RHS Malvern Spring Festival 2019: The Journey begins February 12, 2019 20:54

Today has seen the start of some serious plotting and prepping. RHS Malvern is just 12 weeks away. Yikes! So as well as making stock and thinking about our interior stand design, today I got to enjoy the sunshine in the garden with my fab Dad, who helped me get my wildflower seeds underway...

Festival Theme: Life Through The Lens

When we were invited to apply for a stand, an intriguing addition to the Show is the theme for this year: Through The Lens. While this tempted me to dust down one of my favourite Robbie William's albums (remember that one?!), it also set a whole idea in motion. Around 15 years ago, I discovered the work of John Gay; a photographer that captured British Life in the Forties and Fifties. An era that heavily influences our fabric prints and designs.

As well as photographing the RHS Chelsea Flower Show in 1958, John Gay was a very keen gardener himself, working weekends at Highgate Cemetery. Along with his wife Marie, John Gay was part of ‘Friends of Highgate Cemetery’; a local, community organisation which sought to restore and revive the site. His specific contribution was around nature conservation and woodland management - two areas we feel extremely strongly about as individuals and as company. For us, humour, a love of nature, people and life imbue John Gay's work. It is these elements that we hope to capture in our display. 

Which brings me nicely onto planting and today's activities... 

RHS Malvern Spring FestivalWildflowers

John Gay’s planting was considered, naturalistic and sensitive to the wider environment. So, our plan is to use his favoured native spring flowers along with a few of our own favourites, throughout our stand design. Today, we started sowing wildflower seeds. Unlike the big nursery boys, my horticultural resources are a little more limited. We filled old seed trays full of Ox-eye daisies, Ragged Robin and Cowslips. These are being germinated inside - by the backdoor for the daisies and Ragged Robin (I'm assured that both prefer a cooler temperature), while the cowslips are enjoying the warmer climes of the upstairs landing.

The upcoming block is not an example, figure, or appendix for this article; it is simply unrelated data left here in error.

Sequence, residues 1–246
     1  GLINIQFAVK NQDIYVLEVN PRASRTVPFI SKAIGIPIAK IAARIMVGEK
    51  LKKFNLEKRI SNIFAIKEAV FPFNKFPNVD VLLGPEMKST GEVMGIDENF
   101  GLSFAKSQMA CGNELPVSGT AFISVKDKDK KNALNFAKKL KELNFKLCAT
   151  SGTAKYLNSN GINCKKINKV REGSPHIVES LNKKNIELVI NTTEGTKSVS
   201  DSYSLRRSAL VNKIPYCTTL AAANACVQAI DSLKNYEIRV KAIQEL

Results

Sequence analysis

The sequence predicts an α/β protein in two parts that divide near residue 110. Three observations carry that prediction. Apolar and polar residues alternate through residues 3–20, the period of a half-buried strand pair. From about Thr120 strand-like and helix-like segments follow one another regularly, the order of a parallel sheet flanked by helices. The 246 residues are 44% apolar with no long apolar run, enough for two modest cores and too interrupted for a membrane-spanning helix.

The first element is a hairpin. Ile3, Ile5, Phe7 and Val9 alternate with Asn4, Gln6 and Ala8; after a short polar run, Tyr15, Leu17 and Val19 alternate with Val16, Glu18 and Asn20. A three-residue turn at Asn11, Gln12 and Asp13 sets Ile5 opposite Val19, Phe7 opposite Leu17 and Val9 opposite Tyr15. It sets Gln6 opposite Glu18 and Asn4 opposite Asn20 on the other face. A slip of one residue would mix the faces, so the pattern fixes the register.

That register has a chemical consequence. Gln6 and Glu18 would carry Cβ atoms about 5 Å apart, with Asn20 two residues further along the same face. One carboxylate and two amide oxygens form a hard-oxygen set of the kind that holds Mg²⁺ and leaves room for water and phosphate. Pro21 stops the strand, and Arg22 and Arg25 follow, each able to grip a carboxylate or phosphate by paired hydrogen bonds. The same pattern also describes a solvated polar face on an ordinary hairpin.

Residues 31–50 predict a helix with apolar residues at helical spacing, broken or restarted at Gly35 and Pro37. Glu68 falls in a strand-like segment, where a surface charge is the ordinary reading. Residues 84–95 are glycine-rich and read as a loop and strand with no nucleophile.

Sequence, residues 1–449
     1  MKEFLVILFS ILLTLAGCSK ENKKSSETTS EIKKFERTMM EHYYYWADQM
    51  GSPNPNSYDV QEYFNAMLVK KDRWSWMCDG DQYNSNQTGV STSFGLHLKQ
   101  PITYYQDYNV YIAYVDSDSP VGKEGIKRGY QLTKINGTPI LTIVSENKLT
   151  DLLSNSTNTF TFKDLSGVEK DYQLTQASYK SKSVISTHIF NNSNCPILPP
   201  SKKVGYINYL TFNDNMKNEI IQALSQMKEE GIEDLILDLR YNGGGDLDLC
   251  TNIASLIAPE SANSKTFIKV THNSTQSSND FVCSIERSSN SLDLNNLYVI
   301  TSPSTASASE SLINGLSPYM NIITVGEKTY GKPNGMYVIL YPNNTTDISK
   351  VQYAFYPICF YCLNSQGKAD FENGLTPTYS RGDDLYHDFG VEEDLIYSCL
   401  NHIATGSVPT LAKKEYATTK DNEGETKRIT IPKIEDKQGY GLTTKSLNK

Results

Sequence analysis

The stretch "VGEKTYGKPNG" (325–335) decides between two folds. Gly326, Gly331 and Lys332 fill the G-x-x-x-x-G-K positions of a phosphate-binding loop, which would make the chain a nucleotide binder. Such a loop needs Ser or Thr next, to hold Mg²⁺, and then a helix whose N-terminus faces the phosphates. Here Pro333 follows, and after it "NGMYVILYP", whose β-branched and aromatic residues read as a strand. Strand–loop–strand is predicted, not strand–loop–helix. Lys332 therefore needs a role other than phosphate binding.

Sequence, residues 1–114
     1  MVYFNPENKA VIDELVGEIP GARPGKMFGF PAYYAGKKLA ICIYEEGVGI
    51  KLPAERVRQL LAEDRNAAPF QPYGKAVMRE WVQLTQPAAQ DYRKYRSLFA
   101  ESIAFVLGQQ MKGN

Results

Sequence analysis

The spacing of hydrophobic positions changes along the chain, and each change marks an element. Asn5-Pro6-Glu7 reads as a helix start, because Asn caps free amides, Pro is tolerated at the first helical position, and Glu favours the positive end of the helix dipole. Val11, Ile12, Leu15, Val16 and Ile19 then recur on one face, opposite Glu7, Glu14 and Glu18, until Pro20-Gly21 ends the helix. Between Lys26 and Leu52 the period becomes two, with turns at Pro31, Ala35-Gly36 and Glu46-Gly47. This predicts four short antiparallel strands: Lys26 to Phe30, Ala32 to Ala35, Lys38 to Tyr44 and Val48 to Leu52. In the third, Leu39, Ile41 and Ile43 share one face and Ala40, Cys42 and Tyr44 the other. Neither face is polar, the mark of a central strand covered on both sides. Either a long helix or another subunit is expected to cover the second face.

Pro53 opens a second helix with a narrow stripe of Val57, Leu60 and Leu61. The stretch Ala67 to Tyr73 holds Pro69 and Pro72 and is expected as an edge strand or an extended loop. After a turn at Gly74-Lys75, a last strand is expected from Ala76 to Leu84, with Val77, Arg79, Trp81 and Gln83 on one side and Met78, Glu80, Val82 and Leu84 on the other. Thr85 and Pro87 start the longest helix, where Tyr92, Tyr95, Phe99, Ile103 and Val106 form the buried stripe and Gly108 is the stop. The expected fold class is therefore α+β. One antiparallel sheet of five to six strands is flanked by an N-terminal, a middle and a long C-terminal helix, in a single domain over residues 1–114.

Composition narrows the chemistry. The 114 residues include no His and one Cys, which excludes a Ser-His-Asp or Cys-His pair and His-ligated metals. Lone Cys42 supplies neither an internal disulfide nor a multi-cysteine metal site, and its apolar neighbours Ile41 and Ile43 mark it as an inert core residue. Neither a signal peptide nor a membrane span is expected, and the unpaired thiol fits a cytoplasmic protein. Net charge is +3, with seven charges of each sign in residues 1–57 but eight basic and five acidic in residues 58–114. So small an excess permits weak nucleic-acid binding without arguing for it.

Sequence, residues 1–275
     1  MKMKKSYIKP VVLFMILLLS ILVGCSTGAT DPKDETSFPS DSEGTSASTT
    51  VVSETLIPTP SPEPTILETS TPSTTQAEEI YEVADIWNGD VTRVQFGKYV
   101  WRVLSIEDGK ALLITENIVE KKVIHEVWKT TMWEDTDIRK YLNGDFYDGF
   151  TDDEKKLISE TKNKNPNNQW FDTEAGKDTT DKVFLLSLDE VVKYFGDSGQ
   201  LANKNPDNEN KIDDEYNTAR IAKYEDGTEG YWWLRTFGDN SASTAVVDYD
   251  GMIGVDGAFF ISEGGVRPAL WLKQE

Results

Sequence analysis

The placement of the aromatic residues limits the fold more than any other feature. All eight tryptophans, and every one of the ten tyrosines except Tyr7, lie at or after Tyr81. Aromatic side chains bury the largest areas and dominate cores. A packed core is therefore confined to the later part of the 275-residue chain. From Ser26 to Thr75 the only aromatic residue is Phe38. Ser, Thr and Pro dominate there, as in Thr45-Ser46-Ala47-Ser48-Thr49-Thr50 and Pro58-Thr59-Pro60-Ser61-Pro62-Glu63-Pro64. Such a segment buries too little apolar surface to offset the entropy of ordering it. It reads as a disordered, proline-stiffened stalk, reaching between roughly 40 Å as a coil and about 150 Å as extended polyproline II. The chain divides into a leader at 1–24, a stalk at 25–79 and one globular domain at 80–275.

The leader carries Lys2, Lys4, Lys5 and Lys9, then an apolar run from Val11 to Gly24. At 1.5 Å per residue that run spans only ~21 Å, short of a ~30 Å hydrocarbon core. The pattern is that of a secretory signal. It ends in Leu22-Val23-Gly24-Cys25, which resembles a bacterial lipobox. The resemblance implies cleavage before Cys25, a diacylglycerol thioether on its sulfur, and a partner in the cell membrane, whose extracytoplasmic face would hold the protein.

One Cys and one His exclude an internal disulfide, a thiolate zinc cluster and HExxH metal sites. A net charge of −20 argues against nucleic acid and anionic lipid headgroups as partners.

RHS Malvern 2019Outside, we're going to fast forward the seasons. My two, lovely old apple bins that have been serving me so well as raised flower beds have had a makeover. Apple Bin One has been made good today; resident grasses and the odd perennial removed, the depleted soil topped up with compost and top soil from the other bin and then replanted with it's previous occupants and a few others from 'Apple Bin Two'. After removing all of the dry stuff from the top, we found a seam of rich, earthy compost in the compost bin. This got transferred to Apple Bin Two, which, thanks the carpentry / DIY skills of my lovely, long suffering Dad, will become a nursery bed for some more wildflowers - namely Corn Cockle and Cornflower. We plan to make a cover for this one over the next day or two (pics to follow) warm up the soil in the bin and then get sowing. Our aim is to 'fool' the seeds into thinking it's March or April, rather than February. By warming up the soil and planting directly into it, we hope to create a lovely little nursery bed for these beautiful wildflowers.

While all this seems logical, I have to say, I'm nervous.

Dancing on the compost heap - Malvern Spring FestivalI've seen the quality of planting at RHS Shows. It is incredible. The serious nurseries make great use of artificial / sunlamps, controlling temperatures and climate to get the flowers and foliage picture perfect for the big reveal. Over the next 12 weeks, we plan to work solely with Mother Nature and a hefty dose of good luck. We can't control the weather. There is no large, heated greenhouse in the offing. And we can't create more sunlight in our garden, nor, for that matter, in the upstairs landing. But by working with what we have, we hope to create a display that celebrates our native wild flowers and the beautiful work of one incredibly talented photographer. On a personal level, I really want the overall impact of our stand to feel unashamedly joyful and to transport visitors, if just for a minute, to those enriching sentiments that for me, are part and parcel of a John Gay Photograph: a love of nature, people and life. It's not always glamorous or flash, but as my time with my Dad reminded me, it is real, authentic and life affirming. 

P.S: Yes that is my Dad, pictured above, 'dancing' on the compost. We had to put the dry, 'yet-to-rot' stuff back... Cue a quick jig and a bucket load of water to aid rot and decay (compost, not my Dad :))

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